# How to assess Goodness-of-fit

#### dr_rk

##### New Member
I have fitted a set of data points to an exponential decay curve of the equation:
y=A+Be^(-t).

I wish to assess the quality of fit. Is it OK if I did a chi-squared test using
X^2 = sum: (O-E)^2/E and then looked up the critical value?

#### copeg

##### New Member
Provided the errors are normally distributed, the pearson chi-squared goodness of fit test should allow you to test null hypothesis that the predicted and observed are equal.

#### Dason

##### Ambassador to the humans
I really don't think that test applies here (at least in the form the OP wrote it). And even if it did I don't think the null would be that the predicted and observed are equal...

#### copeg

##### New Member
I really don't think that test applies here (at least in the form the OP wrote it). And even if it did I don't think the null would be that the predicted and observed are equal...
Goodness of Fit. Perhaps not exactly as written by the OP, but it looks to me like an appropriate test. Perhaps there is another that you have in mind, or could you clarify why you do not think it applies here?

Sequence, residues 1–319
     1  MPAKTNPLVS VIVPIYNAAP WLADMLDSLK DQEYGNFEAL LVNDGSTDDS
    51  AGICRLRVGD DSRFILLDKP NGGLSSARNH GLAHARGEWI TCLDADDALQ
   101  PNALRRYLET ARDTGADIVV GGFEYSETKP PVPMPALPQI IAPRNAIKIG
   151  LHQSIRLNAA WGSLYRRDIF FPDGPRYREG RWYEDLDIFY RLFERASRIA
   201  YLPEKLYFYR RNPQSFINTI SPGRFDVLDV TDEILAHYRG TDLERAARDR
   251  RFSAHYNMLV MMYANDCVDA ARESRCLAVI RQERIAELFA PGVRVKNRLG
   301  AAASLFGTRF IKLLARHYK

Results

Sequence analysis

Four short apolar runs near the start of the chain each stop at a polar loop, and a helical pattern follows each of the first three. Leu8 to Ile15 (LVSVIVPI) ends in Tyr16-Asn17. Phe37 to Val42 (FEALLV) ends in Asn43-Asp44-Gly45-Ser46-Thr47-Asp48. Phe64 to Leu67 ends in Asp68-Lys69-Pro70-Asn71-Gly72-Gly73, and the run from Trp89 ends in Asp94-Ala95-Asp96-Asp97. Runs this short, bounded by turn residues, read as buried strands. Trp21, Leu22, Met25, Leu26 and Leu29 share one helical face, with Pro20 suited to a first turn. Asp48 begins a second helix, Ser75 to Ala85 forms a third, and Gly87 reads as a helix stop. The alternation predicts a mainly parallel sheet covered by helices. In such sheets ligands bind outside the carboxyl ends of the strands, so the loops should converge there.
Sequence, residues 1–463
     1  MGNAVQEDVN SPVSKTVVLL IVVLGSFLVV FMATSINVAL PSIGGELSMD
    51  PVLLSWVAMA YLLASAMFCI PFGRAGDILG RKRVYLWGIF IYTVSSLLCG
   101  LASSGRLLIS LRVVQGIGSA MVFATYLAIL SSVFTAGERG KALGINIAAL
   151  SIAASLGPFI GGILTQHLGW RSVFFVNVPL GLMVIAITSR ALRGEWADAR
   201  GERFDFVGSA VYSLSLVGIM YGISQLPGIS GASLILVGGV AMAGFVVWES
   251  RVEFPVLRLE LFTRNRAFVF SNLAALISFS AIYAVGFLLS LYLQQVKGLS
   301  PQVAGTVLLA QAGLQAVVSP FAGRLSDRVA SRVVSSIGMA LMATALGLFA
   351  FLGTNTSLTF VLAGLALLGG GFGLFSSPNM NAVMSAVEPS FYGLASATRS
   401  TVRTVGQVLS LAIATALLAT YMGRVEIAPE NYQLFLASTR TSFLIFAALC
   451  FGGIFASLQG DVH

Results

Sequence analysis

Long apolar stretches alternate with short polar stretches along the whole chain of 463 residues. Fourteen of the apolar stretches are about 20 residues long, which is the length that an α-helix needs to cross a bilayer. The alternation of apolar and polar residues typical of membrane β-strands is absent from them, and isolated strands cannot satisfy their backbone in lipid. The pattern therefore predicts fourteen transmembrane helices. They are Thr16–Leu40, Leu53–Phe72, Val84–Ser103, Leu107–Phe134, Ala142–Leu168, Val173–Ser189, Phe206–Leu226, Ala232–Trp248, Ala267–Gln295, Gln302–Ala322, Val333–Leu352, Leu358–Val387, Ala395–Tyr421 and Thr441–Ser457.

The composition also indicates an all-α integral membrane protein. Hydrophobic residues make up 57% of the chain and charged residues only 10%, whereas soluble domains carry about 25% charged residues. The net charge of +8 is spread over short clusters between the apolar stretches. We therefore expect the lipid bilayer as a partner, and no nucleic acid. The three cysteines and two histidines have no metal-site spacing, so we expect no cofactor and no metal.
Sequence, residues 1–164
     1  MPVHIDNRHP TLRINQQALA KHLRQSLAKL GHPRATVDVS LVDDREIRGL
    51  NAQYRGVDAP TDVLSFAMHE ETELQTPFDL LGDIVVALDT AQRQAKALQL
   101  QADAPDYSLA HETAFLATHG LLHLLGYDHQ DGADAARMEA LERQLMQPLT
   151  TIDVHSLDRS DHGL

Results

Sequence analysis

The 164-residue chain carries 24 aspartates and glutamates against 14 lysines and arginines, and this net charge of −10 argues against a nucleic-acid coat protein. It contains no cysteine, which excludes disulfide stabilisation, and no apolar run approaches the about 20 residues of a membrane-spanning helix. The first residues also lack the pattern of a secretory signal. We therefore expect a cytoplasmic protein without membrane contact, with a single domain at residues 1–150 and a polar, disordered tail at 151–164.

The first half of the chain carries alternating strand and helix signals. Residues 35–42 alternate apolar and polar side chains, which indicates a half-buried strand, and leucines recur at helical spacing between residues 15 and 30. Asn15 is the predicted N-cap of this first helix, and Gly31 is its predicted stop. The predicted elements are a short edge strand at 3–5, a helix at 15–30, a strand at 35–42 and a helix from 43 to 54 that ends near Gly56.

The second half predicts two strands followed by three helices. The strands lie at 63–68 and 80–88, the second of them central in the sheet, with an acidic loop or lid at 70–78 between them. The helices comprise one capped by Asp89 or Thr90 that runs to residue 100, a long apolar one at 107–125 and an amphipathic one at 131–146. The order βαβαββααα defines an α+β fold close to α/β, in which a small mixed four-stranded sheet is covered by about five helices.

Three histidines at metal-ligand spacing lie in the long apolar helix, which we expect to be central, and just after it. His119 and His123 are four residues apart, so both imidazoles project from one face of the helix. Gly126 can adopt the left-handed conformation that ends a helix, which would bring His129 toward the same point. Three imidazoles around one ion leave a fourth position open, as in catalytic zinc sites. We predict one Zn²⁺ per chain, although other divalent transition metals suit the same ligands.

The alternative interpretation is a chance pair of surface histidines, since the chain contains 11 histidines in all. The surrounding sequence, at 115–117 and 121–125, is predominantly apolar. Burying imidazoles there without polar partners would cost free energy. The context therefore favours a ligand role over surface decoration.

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#### ledzep

##### Point Mass at Zero
Another way to assess the goodness of fit would be to test for the "lack of fit" i.e. test for the deviations about the non-linear model.

You don't say whether you have replicate observations or not. However, you can construct a lack of fit test if you have replicate observations for your x variable.

1) You can estimate the pure error sums of square (SS_pure) by fitting a completely randomised design (i.e. x as a class variable).
2) You can obtain residual sums of square from your non-linear model (SS_nlin).
3) Then Your lack of fit SS will be the difference between 1 and 2.
4) Finally you can partition the residual SS from your non-linear model into pure error and lack of fit and constuct your F test to judge the lack of fit of your non-linear model.

HTH